NOW READING Need a Break? Try These 5 Korean-Inspired Self-Care Tips For Exam (& Holiday) Stress
December 12, 2018

Need a Break? Try These 5 Korean-Inspired Self-Care Tips For Exam (& Holiday) Stress

With the holidays come a lot of other things: final exams, end-of-year work deadlines, financial pressures. It’s no wonder the holidays are considered one of the most stressful times of the year. So that’s when it’s most important to be sure to take care of yourself. Here, five quick and easy self-care tips so you can take a break from finals, work, to-do lists … everything on your plate.


 

It’s one of the most stressful times of the year: the holiday season. As soon as Thanksgiving kicks off, our wallets become thinner as our thighs become thicker. And if you’re a student like me, you can add a load of academic-induced exhaustion onto your plate. Thank you, final exams.

 

As a K-beauty fanatic, I use my skincare routine to provide comfort and structure during wintertime test-taking. However, skincare is not the only way Korean culture has taught me to cope with stress. Self-care is intimately woven into the fabric of South Korean life from the traditional diet to the country’s active lifestyle. It’s no surprise that South Korea is expected to have the largest leap in longevity by the end of the next decade.

 

As a seasoned college student, I’ve learned that the best way to tackle my workload is by taking care of myself first. You don’t need an exceptional amount of time to do it. I have five Korean-influenced self-care tips that save time, encourage energy, and support productivity. Let’s get started.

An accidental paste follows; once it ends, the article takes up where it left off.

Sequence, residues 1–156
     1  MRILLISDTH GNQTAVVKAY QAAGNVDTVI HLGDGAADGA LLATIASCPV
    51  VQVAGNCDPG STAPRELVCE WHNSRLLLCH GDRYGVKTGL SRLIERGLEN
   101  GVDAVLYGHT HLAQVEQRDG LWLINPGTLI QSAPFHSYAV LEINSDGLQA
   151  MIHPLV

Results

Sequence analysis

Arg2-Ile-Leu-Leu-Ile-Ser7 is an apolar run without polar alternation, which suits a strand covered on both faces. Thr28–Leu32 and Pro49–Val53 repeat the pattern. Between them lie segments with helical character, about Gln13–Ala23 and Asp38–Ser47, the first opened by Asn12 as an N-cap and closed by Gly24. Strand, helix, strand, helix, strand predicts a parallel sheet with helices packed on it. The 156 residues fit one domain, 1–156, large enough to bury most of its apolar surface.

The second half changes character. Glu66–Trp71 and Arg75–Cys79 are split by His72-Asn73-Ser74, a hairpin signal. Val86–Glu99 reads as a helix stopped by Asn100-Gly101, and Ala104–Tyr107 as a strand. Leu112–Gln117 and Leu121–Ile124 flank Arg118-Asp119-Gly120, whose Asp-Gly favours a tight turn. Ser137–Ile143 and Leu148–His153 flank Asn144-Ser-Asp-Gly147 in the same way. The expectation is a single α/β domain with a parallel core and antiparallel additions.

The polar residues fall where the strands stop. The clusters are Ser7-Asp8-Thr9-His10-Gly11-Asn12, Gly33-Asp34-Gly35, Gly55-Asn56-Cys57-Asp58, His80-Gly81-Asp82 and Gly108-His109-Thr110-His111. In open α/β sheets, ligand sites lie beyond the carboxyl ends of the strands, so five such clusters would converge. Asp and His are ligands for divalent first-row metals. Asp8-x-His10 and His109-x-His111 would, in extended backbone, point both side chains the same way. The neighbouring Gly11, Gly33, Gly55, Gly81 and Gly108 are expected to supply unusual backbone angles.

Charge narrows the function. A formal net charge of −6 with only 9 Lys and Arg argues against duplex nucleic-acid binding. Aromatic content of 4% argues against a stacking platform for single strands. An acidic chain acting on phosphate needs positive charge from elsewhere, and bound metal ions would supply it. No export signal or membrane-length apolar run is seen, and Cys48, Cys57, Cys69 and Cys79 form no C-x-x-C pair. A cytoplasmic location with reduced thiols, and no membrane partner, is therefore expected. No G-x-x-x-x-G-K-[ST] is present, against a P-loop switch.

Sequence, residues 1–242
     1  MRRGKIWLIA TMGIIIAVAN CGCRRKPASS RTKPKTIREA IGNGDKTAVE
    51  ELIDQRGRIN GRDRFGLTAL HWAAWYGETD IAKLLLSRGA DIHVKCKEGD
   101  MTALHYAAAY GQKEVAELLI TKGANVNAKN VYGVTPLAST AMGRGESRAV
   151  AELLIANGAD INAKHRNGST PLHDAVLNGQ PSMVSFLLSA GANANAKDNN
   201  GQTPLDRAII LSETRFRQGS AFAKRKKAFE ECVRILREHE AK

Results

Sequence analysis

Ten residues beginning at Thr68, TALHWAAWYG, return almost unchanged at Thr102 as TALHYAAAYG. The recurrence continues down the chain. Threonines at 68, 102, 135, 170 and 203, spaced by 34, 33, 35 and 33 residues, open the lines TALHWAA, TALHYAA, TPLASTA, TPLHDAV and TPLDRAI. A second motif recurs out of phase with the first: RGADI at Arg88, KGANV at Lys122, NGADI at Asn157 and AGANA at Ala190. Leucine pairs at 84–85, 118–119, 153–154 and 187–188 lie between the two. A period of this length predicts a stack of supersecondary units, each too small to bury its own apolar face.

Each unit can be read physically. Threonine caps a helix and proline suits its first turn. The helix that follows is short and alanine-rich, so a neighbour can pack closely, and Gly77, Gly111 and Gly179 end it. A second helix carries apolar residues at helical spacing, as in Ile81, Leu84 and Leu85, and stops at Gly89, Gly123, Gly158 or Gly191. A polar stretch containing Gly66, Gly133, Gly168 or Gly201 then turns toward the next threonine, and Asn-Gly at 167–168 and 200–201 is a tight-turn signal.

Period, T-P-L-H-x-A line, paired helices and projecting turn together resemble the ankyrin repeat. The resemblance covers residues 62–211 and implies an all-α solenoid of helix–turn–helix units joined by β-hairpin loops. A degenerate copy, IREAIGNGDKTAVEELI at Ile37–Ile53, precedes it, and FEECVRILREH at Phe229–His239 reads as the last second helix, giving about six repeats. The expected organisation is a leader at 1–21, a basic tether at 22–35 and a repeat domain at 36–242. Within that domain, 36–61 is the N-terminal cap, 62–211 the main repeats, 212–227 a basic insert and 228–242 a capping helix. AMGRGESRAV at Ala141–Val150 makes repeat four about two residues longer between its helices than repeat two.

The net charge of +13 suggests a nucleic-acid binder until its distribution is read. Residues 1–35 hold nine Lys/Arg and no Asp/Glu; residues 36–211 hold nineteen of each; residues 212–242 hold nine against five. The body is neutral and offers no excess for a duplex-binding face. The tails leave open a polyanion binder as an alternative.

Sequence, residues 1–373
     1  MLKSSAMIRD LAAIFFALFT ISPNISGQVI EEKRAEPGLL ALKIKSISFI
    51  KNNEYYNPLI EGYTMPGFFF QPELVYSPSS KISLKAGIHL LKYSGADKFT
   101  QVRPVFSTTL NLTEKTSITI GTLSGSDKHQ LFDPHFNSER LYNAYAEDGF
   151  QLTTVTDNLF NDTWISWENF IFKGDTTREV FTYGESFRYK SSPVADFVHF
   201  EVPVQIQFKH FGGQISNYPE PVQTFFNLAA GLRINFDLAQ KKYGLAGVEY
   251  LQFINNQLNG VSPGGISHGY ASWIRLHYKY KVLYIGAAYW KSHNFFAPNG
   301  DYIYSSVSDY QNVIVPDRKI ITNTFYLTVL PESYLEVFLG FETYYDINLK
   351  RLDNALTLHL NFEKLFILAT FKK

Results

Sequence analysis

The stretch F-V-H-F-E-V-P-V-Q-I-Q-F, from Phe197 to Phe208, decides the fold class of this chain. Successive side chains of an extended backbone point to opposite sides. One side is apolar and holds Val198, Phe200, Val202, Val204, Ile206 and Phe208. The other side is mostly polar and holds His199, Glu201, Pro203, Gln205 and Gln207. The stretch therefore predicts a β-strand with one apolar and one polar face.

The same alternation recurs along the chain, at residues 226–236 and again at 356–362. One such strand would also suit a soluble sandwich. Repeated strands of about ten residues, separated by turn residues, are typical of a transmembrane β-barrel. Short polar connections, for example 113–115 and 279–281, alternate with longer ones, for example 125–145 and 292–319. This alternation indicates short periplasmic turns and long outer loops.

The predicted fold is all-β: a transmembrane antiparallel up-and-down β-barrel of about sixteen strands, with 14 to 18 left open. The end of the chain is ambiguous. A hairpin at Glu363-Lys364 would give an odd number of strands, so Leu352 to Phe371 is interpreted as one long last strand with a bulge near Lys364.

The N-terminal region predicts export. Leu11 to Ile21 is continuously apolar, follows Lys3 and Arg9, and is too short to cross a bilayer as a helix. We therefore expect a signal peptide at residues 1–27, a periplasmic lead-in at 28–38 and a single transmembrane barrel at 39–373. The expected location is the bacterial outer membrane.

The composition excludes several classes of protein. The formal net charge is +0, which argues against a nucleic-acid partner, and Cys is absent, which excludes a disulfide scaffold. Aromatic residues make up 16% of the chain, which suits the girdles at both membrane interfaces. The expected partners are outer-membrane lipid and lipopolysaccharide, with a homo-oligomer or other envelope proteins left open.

self-care tips
istock/Merlas

 

1. Embrace skip-care

 

As much as I love my elaborate 10-step skincare routine, I don’t have the time to do it everyday. I like to practice what I preach, so when I skip a part of my routine, I always feel a little guilty. However, my mindset changed with the ignition of the Korean feminist movement “escape the corset.” Born from gender inequality and the global #MeToo movement, South Korean women are chopping off their long locks, trashing their makeup, and streamlining their skincare routines to challenge conventional beauty standards.

 

“Skip-care” is a minimal, streamlined skincare approach that involves identifying the ingredients your skin needs the most. The concept was raised earlier this year on Korea’s top beauty show Get It Beauty before it earned the moniker. Essentially, you skip the unnecessary parts of your routine, or use two-in-one products to condense it. The philosophy is a dream for lazy girls, lovers of sleep, and stressed students everywhere. I happen to fit all three categories.

 

self-care tips
Fresh young woman applying cream on her face

 

Personally, I live for multitasking micellar waters like the Son & Park Beauty Water, which removes makeup, cleanses, tones, and lightly exfoliates all in one swipe. I’ll follow it with an essence like the COSRX Advanced Snail 96 Mucin Power Essence, lock that in with a cream like the Dr. Frog Water-FullCharge Cream, and top it off with my favorite sunscreen.

 

2. Trade coffee for tea